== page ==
They are not open to self-evaluation or evaluation from others
They have a fixed mindset
They are a knower; not a learner
Do not assume that you can take all of your project managers and turn them into Scrum Masters
“We need a very technical person to be a Scrum Master” — untrue; in many cases, a less technical person makes a better Scrum Master
Want to Learn More or Get in Touch?
Visit the website and catch up with all the episodes on AgileThought.com!
Squirrel describes a client of his that is “thrashing”—trying to do so many different things that they aren’t getting anything finished. We reflect on why this happens, including the idea that being busy feels good while increasing focus can mean disrupting comfortable routines. We suggest asking “why can’t we finish this today?” as a forcing mechanism for discovering bottlenecks and alternative approaches.
– Theory of Constraints: https://en.wikipedia.org/wiki/Theory_of_constraints
– Domenica DeGrandis, Making Work Visible: https://itrevolution.com/book/making-work-visible/
Our new book, Agile Conversations, is out now! See https://conversationaltransformation.com where you can order your copy and get a free video when you join our mailing list!
We’d love to hear any thoughts, ideas, or feedback you have about the show.
Email us at [email protected]
“Starting work doesn’t generate value, starting work only costs money. Finishing work generates value.” – Klaus Leopold
First, there was personal productivity.
Then, everyone started talking about Agile teams.
Today, it’s time to take it even higher.
In this episode of the Lamp, we are talking about business alignment with Klaus Leopold. Klaus is an experienced computer scientist and a well-known Kanban pioneer – he was one of the first Lean Kanban trainers and coaches worldwide.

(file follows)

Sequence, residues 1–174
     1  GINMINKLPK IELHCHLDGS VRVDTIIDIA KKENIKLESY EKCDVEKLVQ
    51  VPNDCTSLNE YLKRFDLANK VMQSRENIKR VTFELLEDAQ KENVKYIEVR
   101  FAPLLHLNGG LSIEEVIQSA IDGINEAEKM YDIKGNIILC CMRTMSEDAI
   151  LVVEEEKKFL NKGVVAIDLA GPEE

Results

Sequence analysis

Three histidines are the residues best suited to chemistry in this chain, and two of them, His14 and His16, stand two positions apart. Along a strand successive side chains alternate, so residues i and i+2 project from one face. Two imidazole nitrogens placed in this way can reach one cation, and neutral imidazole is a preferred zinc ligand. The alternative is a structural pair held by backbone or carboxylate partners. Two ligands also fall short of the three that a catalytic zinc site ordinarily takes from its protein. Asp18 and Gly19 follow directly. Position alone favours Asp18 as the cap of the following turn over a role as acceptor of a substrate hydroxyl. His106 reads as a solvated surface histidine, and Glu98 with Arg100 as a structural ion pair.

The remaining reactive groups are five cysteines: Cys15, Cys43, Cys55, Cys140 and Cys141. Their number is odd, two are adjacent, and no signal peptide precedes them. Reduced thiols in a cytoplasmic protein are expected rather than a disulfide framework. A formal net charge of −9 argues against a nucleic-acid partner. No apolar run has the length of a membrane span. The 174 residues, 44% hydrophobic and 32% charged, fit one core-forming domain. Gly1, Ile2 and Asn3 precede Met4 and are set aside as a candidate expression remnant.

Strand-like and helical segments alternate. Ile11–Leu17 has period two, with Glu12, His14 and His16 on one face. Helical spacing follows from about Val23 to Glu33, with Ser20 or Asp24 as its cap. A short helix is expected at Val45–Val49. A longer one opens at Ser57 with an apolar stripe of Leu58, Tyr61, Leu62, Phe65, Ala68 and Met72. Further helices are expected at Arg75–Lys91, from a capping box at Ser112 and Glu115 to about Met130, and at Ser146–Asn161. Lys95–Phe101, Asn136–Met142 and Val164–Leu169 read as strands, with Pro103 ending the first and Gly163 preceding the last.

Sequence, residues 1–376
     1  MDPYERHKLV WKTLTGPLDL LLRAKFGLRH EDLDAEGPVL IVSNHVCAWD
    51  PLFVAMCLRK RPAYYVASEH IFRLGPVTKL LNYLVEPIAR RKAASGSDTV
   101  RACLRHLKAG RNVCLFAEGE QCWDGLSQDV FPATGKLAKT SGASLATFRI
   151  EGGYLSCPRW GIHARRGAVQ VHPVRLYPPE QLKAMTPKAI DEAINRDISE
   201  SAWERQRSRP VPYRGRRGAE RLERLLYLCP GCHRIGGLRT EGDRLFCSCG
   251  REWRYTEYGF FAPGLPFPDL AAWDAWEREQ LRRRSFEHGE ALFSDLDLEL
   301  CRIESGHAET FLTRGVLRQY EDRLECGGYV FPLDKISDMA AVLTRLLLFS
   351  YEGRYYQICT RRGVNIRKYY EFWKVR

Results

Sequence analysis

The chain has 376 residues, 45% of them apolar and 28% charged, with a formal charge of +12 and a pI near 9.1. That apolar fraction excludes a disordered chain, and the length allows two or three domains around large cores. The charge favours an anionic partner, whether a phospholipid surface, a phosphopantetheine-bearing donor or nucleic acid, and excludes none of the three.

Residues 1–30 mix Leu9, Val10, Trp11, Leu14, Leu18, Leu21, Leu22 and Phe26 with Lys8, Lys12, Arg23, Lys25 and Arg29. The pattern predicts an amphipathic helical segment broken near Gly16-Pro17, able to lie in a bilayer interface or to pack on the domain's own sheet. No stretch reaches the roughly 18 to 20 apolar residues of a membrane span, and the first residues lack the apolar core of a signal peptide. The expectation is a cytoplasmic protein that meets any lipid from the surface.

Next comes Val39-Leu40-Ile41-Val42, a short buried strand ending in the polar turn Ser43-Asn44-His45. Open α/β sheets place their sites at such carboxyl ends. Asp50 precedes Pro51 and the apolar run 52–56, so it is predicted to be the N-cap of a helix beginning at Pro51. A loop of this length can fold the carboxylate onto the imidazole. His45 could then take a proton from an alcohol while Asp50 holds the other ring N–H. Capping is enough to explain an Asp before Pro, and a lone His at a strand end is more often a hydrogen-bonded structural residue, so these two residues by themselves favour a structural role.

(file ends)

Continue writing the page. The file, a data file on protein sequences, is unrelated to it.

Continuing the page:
He is the author of books Practical Kanban, Kanban in IT and co-author of Kanban Change Leadership. Today on the podcast, Klaus is sharing with us his passion for establishing lean business agility that goes beyond teams.
Business alignment and coordination might be one of the biggest challenges any leader faces. In this episode, you’ll learn how to enable your teams and your whole organization to do the right work at the right time using the concept of Flight Levels.
Team performance vs Business Agility
We often think we need to have agile teams in our business so they would deliver projects faster. But that’s the wrong lever.
What should we optimize in business to speed up the overall delivery time?
How to take the right decisions on the right levels.
Individual performance vs Team performance vs Company performance
Understanding the difference between team Kanban and Portfolio Kanban
When you fly high, you don’t see much detail. When you fly low, you can’t see the bigger picture
How to ensure the right team is working on the right stuff at the right time
How to optimize cross-team collaboration for value delivery
The impact of levers you can use is greater at higher levels of your organization. But if the lever doesn’t solve your problem, it doesn’t matter how strong it is.
Business agility is not about the power of the lever. It’s not about the performance of individuals, not about team performance, not even about product performance. It’s all about company performance.
First, company, then products, then teams, then individuals. But it’s the company that has to improve.
Contact with our guest:
In this episode, we talk about how we deal with unconscious biases as a coach, and how do we detect and dampen them. Also, we talk about how to shift the team to an outcome mindset.
- (00:00) Introduction
- (00:46) Dealing with unconscious biases
- (31:54) Shifting to an outcome mindset
- (46:59) Wrap up
Support the show (https://www.agilealliance.org/membership-pricing/)